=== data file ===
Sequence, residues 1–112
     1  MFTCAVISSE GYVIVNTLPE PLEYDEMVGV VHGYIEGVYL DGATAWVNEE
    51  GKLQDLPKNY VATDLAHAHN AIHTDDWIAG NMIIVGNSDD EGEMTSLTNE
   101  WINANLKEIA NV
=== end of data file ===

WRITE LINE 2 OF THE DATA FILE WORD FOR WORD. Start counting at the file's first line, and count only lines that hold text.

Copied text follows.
     1  MFTCAVISSE GYVIVNTLPE PLEYDEMVGV VHGYIEGVYL DGATAWVNEE